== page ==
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Discussion in 'Thumpers' started by GasGas300, Jan 11, 2010.
Thanks RF, I'll check it out
Missing my bike!
You could always channel your inner jack and the beanstalk and snatch up that Scorpa while the giant is sleeping. I’m also running the 525 but in the 110 on a 06 300. Just about 25 hrs and it could definitely stand to flipped around. I’m not much of a spinner but I think by 40 hrs it’s gonna be plenty haggard.
The 120 seems to hold up better than the 110 in the 525 Cheater for some reason.
Really tempted to grab my own cheater bike, as it sure is a gnar slaying machine. I can rip it better on the T-Ride than an X-Trainer
Top tip if you are feeling adventurous and need to get into the bottom end you don't need a case splitter on these bikes. A couple light taps and the cases fall away from each other.
170h on my 2013, still on factory piston. Thinking about pulling it apart over the winter and installing a fresh factory B (II) piston. It slips backwards quite a lot on hillsides, even with high-comp S3 head. I thought about compresion testing it, but don't really trust those cheap testers.
Every 40 hours or so I pull my exhaust pipe and look at the piston and bore for any wear or anything unusual.
Around 150 to 200 hours is a good interval for piston replacement if easy normal riding.
You could call that a hard stop and not a crash and not lie.
Since we are sharing bloopers, here is mine from last weekend. I cancelled that DS ride and went out with my extreme enduro friends and after 4h of torture my 300 had enough of me and wanted to continue alone
I started with a $25 compression tester which read 75 PSI on a 300XC that was running fine, which is absurd.
So I sent that back and got a Mityvac tester, which was still only like $60 and reads 150 which is at least plausible with a stock head at my elevation.
But anyways... I think the main point is not absolute accuracy but simply consistency - getting a reading with a fresh piston, and then checking periodically with the same gauge to ensure compression hasn't dropped significantly.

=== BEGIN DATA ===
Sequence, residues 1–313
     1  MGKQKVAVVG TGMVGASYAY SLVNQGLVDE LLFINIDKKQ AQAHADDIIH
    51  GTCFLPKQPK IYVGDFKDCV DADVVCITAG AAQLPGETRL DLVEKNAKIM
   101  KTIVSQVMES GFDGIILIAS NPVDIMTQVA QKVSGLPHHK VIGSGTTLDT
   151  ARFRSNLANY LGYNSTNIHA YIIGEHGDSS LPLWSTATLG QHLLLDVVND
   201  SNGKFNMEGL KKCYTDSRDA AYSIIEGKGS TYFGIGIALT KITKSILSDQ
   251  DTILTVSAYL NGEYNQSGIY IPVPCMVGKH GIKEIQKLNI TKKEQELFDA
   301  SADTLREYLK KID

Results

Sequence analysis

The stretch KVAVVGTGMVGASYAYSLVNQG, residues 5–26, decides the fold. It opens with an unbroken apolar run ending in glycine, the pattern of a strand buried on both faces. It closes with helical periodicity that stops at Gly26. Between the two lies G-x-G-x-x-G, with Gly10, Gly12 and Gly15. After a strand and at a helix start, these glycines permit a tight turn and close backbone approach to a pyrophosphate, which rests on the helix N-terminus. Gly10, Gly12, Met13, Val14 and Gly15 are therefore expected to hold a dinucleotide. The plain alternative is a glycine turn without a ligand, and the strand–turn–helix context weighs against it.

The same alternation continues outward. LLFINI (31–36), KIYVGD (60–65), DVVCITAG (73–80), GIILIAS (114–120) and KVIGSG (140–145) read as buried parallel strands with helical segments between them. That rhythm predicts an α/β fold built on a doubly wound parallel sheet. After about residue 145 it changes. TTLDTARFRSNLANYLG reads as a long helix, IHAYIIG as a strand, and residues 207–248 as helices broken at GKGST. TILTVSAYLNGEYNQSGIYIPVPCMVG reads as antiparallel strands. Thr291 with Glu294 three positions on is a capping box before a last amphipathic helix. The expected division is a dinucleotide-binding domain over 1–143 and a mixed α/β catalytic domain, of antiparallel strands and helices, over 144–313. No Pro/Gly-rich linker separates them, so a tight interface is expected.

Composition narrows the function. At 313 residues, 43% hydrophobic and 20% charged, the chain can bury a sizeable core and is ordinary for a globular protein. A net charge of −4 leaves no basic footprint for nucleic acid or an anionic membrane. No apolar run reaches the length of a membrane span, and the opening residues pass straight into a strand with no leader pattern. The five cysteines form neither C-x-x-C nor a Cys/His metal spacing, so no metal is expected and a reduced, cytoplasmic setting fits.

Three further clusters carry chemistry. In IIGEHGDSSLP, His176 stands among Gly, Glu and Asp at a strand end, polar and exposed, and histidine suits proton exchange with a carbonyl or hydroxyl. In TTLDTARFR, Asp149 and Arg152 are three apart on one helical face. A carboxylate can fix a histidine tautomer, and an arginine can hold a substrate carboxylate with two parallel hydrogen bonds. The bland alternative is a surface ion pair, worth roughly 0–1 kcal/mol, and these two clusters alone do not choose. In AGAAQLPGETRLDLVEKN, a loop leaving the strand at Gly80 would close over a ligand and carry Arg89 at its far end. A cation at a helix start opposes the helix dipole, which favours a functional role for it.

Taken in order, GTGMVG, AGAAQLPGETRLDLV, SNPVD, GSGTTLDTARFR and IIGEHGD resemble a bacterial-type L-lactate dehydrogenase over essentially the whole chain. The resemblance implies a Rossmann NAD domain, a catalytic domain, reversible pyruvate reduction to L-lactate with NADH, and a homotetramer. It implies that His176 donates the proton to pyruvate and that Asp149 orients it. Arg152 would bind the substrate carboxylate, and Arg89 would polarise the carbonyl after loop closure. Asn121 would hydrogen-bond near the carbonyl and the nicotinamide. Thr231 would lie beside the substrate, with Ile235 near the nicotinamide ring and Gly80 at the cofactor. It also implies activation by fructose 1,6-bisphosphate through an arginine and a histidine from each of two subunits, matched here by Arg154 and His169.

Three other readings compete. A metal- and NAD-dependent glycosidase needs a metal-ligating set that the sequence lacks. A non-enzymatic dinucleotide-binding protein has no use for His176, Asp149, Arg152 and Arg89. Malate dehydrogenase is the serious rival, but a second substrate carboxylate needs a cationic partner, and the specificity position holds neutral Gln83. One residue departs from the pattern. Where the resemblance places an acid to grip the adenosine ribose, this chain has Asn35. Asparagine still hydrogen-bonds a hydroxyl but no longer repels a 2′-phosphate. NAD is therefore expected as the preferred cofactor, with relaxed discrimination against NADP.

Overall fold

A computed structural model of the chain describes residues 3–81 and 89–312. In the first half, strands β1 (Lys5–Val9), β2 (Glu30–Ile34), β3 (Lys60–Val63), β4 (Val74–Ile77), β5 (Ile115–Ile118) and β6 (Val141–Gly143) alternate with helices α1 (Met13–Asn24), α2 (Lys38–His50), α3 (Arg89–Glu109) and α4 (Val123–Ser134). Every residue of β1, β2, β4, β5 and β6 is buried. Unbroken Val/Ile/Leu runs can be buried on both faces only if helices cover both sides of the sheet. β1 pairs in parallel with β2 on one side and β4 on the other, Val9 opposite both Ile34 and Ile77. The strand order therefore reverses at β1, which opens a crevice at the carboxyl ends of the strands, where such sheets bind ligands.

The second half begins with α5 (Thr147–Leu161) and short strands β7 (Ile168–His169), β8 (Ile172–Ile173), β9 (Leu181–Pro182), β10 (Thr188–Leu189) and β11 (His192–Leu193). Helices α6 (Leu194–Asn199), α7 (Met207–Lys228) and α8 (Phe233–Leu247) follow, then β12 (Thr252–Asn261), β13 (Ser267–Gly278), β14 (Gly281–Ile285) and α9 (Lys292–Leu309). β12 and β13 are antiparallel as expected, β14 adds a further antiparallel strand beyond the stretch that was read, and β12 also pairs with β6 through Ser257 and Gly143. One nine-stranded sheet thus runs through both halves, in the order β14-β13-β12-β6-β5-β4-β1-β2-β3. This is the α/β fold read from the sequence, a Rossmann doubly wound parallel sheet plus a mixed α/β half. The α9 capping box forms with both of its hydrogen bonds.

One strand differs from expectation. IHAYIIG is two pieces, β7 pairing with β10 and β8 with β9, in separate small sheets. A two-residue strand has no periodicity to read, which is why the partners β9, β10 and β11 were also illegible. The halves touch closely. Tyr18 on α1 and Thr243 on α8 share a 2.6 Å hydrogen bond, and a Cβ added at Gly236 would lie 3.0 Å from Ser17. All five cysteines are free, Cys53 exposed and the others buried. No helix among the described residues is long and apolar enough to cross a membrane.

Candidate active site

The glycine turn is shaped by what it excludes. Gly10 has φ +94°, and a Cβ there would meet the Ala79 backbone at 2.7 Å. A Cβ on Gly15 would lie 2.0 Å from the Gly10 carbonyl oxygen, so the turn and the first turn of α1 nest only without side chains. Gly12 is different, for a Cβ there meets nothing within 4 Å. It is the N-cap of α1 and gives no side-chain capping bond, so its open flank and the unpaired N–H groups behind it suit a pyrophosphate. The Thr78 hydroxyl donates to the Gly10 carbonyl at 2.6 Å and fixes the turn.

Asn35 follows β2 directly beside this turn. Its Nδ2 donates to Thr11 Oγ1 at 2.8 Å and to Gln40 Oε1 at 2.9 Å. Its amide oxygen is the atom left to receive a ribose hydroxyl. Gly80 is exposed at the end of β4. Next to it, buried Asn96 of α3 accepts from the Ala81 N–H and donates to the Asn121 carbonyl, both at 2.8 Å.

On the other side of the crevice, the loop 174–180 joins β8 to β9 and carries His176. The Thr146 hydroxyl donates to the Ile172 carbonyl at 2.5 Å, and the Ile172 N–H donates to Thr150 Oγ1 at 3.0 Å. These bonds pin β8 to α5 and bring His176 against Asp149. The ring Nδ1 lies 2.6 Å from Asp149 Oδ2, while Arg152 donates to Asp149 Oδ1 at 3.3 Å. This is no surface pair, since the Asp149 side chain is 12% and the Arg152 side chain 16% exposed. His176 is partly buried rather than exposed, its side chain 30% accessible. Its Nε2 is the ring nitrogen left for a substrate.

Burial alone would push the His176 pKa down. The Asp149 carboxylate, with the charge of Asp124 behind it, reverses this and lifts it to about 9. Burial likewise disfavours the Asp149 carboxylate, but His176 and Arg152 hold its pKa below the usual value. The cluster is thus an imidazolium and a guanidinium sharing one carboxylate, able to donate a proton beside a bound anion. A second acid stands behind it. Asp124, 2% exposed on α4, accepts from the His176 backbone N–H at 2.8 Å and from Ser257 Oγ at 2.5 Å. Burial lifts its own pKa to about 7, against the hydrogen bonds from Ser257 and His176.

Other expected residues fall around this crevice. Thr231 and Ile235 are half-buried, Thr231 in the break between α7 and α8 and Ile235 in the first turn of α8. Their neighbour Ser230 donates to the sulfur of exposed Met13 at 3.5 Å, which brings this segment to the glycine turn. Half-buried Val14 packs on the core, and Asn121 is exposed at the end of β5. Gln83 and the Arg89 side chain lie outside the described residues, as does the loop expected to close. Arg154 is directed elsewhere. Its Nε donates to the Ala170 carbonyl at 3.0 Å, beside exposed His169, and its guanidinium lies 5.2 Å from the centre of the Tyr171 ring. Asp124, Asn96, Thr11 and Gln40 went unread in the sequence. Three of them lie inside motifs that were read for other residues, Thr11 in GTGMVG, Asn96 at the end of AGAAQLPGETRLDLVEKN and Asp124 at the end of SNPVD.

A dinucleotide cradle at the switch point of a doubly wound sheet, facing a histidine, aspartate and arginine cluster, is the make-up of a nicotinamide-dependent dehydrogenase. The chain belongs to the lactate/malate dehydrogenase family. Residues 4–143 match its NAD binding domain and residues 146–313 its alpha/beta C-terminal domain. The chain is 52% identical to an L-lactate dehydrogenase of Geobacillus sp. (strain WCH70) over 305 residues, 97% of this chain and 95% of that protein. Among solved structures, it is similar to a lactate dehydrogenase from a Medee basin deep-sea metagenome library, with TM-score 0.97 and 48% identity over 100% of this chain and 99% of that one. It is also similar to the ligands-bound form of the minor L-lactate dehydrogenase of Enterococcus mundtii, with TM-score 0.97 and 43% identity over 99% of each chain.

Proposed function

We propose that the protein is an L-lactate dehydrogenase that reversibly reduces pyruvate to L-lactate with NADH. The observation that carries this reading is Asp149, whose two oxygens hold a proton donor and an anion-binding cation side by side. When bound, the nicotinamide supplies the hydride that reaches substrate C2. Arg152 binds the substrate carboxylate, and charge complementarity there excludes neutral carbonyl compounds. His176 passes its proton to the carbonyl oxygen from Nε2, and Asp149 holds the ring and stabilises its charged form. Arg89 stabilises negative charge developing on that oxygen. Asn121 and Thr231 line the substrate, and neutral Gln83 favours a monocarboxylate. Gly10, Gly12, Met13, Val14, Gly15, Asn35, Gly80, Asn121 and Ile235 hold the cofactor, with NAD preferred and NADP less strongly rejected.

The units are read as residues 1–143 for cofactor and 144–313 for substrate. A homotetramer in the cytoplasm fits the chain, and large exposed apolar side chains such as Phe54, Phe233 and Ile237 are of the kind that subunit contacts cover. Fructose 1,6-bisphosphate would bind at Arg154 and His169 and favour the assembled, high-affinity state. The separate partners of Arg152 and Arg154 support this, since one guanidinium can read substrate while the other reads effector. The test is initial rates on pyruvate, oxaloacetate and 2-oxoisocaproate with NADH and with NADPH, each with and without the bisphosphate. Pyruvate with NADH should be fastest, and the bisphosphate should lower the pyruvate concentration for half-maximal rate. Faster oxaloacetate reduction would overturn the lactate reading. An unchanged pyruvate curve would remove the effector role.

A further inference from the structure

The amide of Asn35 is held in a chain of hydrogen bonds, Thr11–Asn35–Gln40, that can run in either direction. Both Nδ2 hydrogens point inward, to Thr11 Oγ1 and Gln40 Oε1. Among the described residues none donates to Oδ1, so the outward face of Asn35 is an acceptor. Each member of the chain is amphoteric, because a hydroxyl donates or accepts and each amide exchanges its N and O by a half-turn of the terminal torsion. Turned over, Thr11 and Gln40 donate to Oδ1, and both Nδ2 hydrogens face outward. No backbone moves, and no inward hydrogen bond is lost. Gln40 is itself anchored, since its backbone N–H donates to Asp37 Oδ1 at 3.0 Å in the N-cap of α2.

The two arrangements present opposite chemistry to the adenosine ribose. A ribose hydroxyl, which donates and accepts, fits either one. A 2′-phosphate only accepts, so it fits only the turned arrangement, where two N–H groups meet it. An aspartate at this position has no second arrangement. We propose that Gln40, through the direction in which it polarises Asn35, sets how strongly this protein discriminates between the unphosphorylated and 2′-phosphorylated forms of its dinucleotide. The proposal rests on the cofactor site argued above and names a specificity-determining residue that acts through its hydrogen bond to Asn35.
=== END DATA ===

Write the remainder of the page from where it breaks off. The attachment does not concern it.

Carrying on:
I made the same mistake years ago. Mityvac 5530 FTW!
Autumn in the mountains is my favorite.
Cleared this trail in May. Stayed that way besides this one. Squishy seat and sharp chain puts a smile on my face.
Still rippin’ it in his 80th year. Bruce the Legend is back on his bike after a painful crash 6 weeks ago. An unredeemable farkler, he modded his 2019 KTM 300 XCW TPI with the injector relocation kit. This produced the advertised results of snappier off idle throttle response and more power. The hit is now like an MX bike, great for the holeshot but not the preferred setup for steep slippery gnar. Even fitted with a Rekluse Radius CX auto clutch and LHRB this thing is a wild animal. Riding it up a ramp to load it in a truck is dangerous. Bruce has countered with a green powervalve spring and the stickiest rear rubber currently available, the IRC JX 8 Gekkota on Tubliss at 4 psi. Once you open the door to Farkletown there is no going back.
Bruce wanted to see what all the fuss was about at the latest extreme build, the Trauma Center trail. A 12 mile approach followed by a steep one mile hike brought us to the high point on the trail, a narrow ridge crest at 3000’.
The ancient original forest is untouched here, spared the loggers ax. Fallen giants up to 12’ in diameter litter the forest floor, many others remain still standing. This photo gives some idea of just how steep and rugged the terrain is. The trail will make a descending switchback across this slope to land at the small pass visible below. It remains to be seen if anyone will be able to make the climb up.
I share this story in the desire to encourage others to rise above all the common restraints of contemporary life and reach out and attempt something remarkable. Don’t let age or body aches define who you are or what you can accomplish. You already own the World’s best hard enduro machine. Saddle up and ride. Every day is a gift. What are you doing with yours?
Went to this guys hard enduro course. Not the best time to try out the red spring. Those trails really highlight all the faults in my technique. Climbing:C. Braking. Weighting the outside peg:F Downhill log hops:F Bull dogging:B.
Has anyone here seen a good steering damper setup that would work with xtrig clamps/kyb A kit forks? I picked up the forks and clamps but haven't fitted yet b currently running stock forks/clamps and a Scotts in a BRP sub mount. I'm not crazy about mounting the damper on top of the bars ... 2019 TX300.
I'd call BRP and ask them if you haven't already, you may only have to buy a base for that upper triple.
I just swapped red in and screw flush...might be making too many changes at once, haha. Tbi and red.
Plus some suspension changes.
I'm a red and flush man myself. The bike became very controllable and predicatble as a result, contrary to my expectations and assumptions.
One of the better things I've done for myself is to make the various enduro schools in my area a regular part of my season. In retrospect I really enjoy reflecting on my development, along with the complexity of the lines and problem solving skills that have opened up to me as a result of being schooled. It's a good investment.
Glad to hear. Can see the "hit" with yellow and stock screw setting in the chart below. Which is what im coming from
Courtesy of JamesDean: